What attachments do you have that are obstacles to cultivating the interior freedom to which God calls you? What gets in the way of your turning back to God and wholeheartedly responding with Abraham “Here I am”? Success, recognition, security, imposter syndrome, an unwillingness to engage with different opinions? Lent is a time of repentance for the ways we have not responded to God’s call to discipleship with generosity or freedom. It’s only in cultivating a spirit of interior freedom, of asking God for this grace in our daily activities, that we can offer back to God the gift of our lives. And in this process of letting go of our attachments, knowing the cost of discipleship, and still choosing to be faithful, we can better hear God speak to us of our belovedness, of our common belonging in God. This Lenten season, let us examine our interior attachments so that we can freely respond with Abraham, “Here I am,” and allow God to transform our lives.
Salena Ibrahim is earning her Masters of Divinity at Boston College’s School of Theology and Ministry. Her work focuses on theologies of migration and liberation, and preferences a feminist lens. Most recently, she worked as a Graduate Minister in Residential Ministry at Boston College, accompanying residential students and facilitating Jesuit tradition programming. Prior to this, Salena served as a Jesuit Volunteer (’20-21) and Associate University Minister at the University of Detroit Mercy. There, she primarily worked with students involved in faith, service, and justice initiatives. Salena is interested in intersections of faith, migration ministry, and student formation. In her free time, she enjoys exploring new coffee shops and hiking spots. Salena is originally from Chicago, IL where she completed her BSEd in Secondary Education and BA in English at Loyola University.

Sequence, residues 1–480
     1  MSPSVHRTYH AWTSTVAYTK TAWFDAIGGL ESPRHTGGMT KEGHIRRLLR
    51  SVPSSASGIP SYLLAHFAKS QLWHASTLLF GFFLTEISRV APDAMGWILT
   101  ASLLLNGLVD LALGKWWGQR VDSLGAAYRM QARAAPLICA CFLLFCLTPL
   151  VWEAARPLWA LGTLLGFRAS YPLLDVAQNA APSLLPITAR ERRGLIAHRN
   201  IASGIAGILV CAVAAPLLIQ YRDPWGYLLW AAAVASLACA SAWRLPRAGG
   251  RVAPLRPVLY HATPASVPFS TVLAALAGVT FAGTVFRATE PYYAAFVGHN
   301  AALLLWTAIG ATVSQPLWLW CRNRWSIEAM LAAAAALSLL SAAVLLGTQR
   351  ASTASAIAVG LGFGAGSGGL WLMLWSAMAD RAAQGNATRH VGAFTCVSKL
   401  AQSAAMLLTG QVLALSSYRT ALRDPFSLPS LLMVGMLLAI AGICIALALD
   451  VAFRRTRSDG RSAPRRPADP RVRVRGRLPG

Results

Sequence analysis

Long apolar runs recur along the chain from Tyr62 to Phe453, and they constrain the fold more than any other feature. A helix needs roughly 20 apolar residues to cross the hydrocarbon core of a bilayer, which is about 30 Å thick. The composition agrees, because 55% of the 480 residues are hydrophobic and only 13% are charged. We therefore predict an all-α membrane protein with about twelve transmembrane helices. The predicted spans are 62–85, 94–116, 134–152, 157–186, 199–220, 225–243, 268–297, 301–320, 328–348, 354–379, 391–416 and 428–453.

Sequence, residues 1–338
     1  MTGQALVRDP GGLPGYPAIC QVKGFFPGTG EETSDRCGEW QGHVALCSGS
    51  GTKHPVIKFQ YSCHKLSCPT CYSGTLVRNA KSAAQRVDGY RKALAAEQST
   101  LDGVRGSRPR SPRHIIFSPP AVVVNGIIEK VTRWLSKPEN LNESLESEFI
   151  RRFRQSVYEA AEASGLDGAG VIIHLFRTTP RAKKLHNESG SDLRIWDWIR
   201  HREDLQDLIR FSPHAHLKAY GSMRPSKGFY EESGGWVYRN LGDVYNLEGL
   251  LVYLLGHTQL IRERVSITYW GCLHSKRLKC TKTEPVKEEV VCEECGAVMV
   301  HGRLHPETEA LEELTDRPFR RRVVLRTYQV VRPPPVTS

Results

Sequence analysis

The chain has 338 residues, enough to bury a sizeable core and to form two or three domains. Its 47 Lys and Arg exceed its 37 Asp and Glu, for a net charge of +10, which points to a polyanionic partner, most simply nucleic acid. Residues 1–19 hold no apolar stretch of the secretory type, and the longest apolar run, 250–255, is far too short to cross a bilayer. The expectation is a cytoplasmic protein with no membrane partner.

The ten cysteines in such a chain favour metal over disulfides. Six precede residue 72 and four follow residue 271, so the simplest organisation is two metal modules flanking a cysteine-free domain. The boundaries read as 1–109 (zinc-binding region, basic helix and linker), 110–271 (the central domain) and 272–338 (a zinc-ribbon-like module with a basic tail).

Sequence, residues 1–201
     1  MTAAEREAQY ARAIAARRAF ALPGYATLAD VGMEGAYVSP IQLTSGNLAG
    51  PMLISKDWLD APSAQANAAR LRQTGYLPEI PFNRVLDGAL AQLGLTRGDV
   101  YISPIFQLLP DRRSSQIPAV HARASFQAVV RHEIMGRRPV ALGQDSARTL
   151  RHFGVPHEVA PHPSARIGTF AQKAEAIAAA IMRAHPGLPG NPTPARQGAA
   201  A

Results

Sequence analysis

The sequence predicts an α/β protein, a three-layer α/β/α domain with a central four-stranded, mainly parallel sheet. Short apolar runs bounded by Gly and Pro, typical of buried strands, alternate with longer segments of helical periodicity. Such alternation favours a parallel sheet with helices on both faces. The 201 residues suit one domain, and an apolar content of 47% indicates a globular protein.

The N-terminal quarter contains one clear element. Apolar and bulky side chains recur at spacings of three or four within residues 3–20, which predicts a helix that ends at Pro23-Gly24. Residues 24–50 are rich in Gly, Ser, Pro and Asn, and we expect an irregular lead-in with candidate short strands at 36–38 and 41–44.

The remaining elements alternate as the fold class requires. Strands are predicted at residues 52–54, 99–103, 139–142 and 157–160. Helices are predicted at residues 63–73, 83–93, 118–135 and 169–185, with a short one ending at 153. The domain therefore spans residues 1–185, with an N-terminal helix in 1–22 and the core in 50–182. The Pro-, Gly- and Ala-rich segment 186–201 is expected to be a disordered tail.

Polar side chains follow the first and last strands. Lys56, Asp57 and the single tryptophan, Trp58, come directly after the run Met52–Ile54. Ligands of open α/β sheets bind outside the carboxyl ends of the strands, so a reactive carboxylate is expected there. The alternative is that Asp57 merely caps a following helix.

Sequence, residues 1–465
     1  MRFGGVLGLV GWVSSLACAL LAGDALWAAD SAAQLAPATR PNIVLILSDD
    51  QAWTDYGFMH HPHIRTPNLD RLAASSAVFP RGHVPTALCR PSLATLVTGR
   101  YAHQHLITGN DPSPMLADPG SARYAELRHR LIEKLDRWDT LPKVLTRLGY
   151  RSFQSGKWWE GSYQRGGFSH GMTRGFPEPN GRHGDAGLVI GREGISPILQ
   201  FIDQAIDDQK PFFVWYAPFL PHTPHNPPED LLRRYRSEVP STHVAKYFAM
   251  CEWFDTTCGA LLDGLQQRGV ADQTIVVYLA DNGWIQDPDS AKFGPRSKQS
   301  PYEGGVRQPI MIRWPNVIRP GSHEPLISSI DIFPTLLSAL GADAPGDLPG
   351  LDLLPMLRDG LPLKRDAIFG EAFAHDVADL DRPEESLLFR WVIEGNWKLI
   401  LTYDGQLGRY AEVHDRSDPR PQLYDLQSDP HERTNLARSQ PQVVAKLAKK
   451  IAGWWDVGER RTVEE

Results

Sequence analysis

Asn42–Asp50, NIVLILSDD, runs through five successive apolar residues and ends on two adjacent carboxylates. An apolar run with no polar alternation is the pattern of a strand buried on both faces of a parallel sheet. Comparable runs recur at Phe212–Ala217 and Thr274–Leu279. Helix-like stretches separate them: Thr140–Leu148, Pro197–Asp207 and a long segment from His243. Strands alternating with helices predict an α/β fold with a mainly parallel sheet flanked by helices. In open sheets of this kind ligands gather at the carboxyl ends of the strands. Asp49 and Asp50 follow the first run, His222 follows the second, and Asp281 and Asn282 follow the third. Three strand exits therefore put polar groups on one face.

The second of three volumes from the Catholic Women Preach project of FutureChurch offers homilies for each Sunday and holy days of the liturgical year by Catholic women from around the world. The first volume for Cycle A received awards for best book on Liturgy from both the Association of Catholic Publishers and the Catholic Media Association.
“Catholic Women Preach is one of the more inspiring collection of homilies available today. Based on the deep spirituality and insights of the various women authors, the homilies are solidly based on the scriptures and offer refreshing and engaging insights for homilists and listeners. The feminine perspective has long been absent in the preached word, and its inclusion in this work offers a long overdue and pastorally necessary resource for the liturgical life of the Church.” - Catholic Media Association